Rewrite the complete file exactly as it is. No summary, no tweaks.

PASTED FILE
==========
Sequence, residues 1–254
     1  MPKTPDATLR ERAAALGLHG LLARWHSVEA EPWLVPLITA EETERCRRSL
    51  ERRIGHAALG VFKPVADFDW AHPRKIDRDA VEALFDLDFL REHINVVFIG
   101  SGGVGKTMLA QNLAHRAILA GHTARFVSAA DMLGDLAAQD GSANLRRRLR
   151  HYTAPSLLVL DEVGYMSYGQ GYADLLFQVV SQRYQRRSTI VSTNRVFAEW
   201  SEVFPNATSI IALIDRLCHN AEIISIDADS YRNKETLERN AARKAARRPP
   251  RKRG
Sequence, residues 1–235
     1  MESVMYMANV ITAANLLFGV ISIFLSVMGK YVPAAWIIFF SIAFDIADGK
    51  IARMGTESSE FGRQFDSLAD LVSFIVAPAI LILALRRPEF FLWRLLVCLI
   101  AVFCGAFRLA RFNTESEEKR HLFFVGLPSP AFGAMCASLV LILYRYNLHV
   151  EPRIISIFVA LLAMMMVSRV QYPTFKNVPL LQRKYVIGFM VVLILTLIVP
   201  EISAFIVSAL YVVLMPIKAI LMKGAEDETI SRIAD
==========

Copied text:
Sequence, residues 1–254
     1  MPKTPDATLR ERAAALGLHG LLARWHSVEA EPWLVPLITA EETERCRRSL
    51  ERRIGHAALG VFKPVADFDW AHPRKIDRDA VEALFDLDFL REHINVVFIG
   101  SGGVGKTMLA QNLAHRAILA GHTARFVSAA DMLGDLAAQD GSANLRRRLR
   151  HYTAPSLLVL DEVGYMSYGQ GYADLLFQVV SQRYQRRSTI VSTNRVFAEW
   201  SEVFPNATSI IALIDRLCHN AEIISIDADS YRNKETLERN AARKAARRPP
   251  RKRG
Sequence, residues 1–235
     1  MESVMYMANV ITAANLLFGV ISIFLSVMGK YVPAAWIIFF SIAFDIADGK
    51  IARMGTESSE FGRQFDSLAD LVSFIVAPAI LILALRRPEF FLWRLLVCLI
   101  AVFCGAFRLA RFNTESEEKR HLFFVGLPSP AFGAMCASLV LILYRYNLHV
   151  EPRIISIFVA LLAMMMVSRV QYPTFKNVPL LQRKYVIGFM VVLILTLIVP
   201  EISAFIVSAL YVVLMPIKAI LMKGAEDETI SRIAD